- watercourses (ditches, streams, rivers etc)
- groundwater in permeable strata below the landfill.
Landfill Problems which Remain Unsolved
All these environmental problems can in theory be “ameliorated”. That is, their negative effects can be designed-out by skilful engineering once criteria have been set up which only allow suitable sites to be chosen. The costs of so-doing are high, but achievable for the life of the designed containment systems, at the right site locations especially when the costs of very high percentage rates of landfill avoidance are considered (after all reasonable waste minimisation & recycling achievable is attained).
However, in the writer’s view, “sustainable” landfill means the avoidance of damaging emissions to the environment in perpetuity, and this cannot be achieved by any modern landfill currently or recently licensed in Europe. (See landfill liabilities.)
The Public perhaps assume that landfilling under the new EU Waste Regulations and IPPC Regime, landfills will now be environmentally safe and sustainable. This is not so, and the environmental problems at the heart of landfilling are not solved.
The mono-disposal landfilling of hazardous wastes, as now required by the EU Waste Regulations, is more of a “time bomb” than the previous UK co-disposal practise.
Sustainability cannot even be achieved by only disposing pre-treated non-hazardous wastes which comply with the EU Regulations. Complying with these new regulations, despite the very high cost, will not achieve sustainability. Pre-treated waste will still generate leachate of similar contamination levels to older modern landfills, and landfill gas will still also be emitted.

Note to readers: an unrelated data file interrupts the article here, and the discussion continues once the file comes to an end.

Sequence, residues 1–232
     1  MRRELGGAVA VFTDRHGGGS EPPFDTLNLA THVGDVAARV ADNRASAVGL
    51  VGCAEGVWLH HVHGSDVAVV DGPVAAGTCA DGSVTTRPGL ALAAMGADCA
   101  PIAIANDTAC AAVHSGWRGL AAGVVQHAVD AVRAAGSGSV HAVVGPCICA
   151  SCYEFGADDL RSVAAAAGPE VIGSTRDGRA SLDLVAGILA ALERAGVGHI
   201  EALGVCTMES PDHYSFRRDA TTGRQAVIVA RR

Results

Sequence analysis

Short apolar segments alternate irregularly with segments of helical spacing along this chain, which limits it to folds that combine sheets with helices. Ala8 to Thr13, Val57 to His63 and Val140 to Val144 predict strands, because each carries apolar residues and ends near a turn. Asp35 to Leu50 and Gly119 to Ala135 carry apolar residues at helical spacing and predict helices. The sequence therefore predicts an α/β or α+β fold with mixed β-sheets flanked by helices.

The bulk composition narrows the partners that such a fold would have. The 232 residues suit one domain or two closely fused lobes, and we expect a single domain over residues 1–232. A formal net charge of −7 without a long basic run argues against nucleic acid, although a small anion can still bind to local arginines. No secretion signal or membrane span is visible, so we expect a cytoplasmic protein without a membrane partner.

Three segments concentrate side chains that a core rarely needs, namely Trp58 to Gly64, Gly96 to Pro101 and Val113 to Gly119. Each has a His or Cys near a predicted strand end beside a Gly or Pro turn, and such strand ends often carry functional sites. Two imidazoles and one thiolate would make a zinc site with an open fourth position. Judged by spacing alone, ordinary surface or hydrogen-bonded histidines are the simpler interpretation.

These regulations have been formulated to achieve diversion of organic content away from landfill – not primarily to produce a harmless residue when landfilled. The pre-treated residues are not harmless. Recent research has shown that even for the pre-treated wastes the natural rate of self purification is so slow as to render their lifetimes to be so long as to rank alongside “geological” time scales when major changes in topography (eg erosion and earth movement) may occur which at any time would then release environmentally damaging emissions.
(The only positive aspect is that the total volume of waste landfilled will be less, and the impact correspondingly less.)
Long Lasting Landfill Environmental Problem
So, the ultimate landfill problem is that we cannot stop landfilling, because the cost of anything approaching “zero waste” is too high financially and indeed environmentally.
Yet, we have not learnt how to construct a landfill so that it can decompose, self-compost, settle, flush and drain quickly enough to avoid the presence of harmful contaminants remaining when geological damage and inevitable deterioration of the lining breaches the containment system.
The best hope is that the rate of development of technology and our political and regulatory system will allow future generations to extract themselves from the burden of maintaining an ever increasing number of old landfills. This might be achieved by utilising the old landfills as “mines”, using future technology, as yet only dreamt of, to achieve the level of efficient recycling our existing waste technologies cannot achieve today.